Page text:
Did You Know

Astronomers use light years as a measure of distance in the universe. One light year is the distance that light travels in one Earth year. The speed of light is 300 000 kilometres per second, so in one year light travels a distance of 9.5 million million kilometres. The nearest star to our solar system (apart from the Sun) is Proxima Centauri, at a distance of about 4.2 light years. In a scale model with the Sun and Earth 30 cm apart, Proxima Centauri would be 82 km away. Because Proxima Centauri is 4.2 light years away from Earth, it takes 4.2 years for light from that star to reach us. Thus when you look up into the night sky at this star, the light you see left the star 4.2 years ago. You are really looking into the past.

It takes about 8 minutes 20 seconds for light to travel from the Sun to Earth.

Table 3.1 Details of the Sun

Mass

2.0 x 1030 kg

Size relative to Earth

109 times larger

Diameter

1.4 million km

Distance from Earth

150 million km

Density

1410 kg/m3

Luminosity

3.9 x 1026 J/s

Surface temperature

5500°C

Interior temperature

15 million°C

Equatorial rotation period

25 days

Composition

92% hydrogen, 7.8% helium

Surface gravity

290 N/kg (29 x Earth gravity)

Escape velocity

618 km/s

Photosphere thickness

400 km

Chromosphere thickness

2500 km

Core pressure

250 billion atmospheres

Sunspot cycle

11 years

Age

4.5 billion years

The USA launched a number of unmanned solar probes between 1959 and 1968 as part of its Pioneer program. Many of these early probes have now completed their missions but still remain in orbit around the Sun. Missions such as Pioneers 10 and 11 showed that gravity assists were possible and that spacecraft could survive in high-radiation areas.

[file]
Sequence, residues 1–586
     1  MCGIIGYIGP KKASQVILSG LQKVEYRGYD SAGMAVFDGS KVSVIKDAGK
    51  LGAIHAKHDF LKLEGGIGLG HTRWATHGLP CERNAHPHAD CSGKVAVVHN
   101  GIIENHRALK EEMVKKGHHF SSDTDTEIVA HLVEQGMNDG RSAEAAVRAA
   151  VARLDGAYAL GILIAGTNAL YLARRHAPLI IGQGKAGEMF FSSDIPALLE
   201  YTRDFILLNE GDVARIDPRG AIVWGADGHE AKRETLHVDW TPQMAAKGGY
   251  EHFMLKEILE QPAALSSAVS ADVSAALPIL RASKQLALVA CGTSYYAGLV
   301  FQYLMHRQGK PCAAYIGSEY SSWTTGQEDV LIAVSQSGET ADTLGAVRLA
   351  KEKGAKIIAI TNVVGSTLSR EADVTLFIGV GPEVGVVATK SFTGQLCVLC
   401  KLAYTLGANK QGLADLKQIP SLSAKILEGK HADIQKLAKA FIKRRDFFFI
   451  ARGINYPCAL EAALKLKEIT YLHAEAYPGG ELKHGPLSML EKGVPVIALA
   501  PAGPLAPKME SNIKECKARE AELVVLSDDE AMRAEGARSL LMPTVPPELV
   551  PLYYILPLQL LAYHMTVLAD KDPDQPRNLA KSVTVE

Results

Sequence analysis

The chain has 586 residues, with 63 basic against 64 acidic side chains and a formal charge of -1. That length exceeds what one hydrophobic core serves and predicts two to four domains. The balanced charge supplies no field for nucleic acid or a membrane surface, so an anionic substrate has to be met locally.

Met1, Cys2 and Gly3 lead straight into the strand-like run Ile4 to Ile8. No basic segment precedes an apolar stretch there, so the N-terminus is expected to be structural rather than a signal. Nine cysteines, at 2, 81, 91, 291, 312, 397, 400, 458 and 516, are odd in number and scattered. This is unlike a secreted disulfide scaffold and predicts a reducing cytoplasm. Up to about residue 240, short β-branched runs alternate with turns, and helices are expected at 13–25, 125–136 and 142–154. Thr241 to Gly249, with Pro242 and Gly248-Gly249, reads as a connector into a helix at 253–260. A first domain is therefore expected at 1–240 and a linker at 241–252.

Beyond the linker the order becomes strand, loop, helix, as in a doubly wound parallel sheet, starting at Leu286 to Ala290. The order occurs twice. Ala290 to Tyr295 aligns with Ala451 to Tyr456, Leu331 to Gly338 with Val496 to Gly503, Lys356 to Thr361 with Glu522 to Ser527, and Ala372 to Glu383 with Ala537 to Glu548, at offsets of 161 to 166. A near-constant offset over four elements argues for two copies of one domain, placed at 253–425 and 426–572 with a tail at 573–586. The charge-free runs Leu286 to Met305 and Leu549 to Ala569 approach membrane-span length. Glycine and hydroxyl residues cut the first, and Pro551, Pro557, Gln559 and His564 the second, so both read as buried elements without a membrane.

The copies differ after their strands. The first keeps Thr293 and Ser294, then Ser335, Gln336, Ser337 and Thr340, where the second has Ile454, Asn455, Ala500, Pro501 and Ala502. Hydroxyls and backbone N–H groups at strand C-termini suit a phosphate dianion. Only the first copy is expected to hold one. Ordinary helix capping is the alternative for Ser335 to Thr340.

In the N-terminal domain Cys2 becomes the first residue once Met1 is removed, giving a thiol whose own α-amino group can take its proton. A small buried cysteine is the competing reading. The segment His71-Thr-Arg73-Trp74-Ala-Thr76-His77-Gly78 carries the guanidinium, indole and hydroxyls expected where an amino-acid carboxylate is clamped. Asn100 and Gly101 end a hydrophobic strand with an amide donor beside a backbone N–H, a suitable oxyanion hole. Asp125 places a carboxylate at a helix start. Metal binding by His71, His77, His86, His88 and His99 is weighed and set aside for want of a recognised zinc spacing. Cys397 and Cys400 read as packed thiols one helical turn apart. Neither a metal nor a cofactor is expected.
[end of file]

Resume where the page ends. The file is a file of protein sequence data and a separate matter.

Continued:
America's first space station, Skylab (launched in 1973), was used to study the Sun from Earth orbit. The space station included the Apollo Telescope Mount (ATM), which astronauts used to take more than 150 000 images of the Sun. Skylab was abandoned in February 1974 and re-entered the Earth's atmosphere in 1979.

Significant solar probes launched as joint USA and ESA projects include Ulysses (launched 6 October 1990) and SOHO (launched December 1995).

Figure 3.2 A spectacular photograph of solar flares and the Sun's surface as seen by the SOHO space probe in June 2000. Some of these flares extend more than 500 000 km into space. (Photo: NASA)

In 1998, NASA launched the TRACE (Transition Region and Coronal Explorer) satellite into Earth orbit to observe the Sun and study the connection between the Sun's magnetic field and the heating of its corona. The probe was launched from a Pegasus XL rocket dropped from a jet aeroplane flying high above the Pacific Ocean. TRACE's main instrument is a Cassegrain telescope, 30 cm in diameter and 160 cm long. TRACE is one of several small satellites in NASA's Small Explorer (SMEX) project.

The Genesis space probe launched by NASA in August 2001 collected samples of solar wind particles and returned them to Earth for analysis. Initial tests showed Genesis collected about 0.4 milligrams of solar particles, equal only to a few grains of salt. They are still being analysed.

Table 3.2 Significant probes sent to the Sun

Name of probe

Country of origin

Launched

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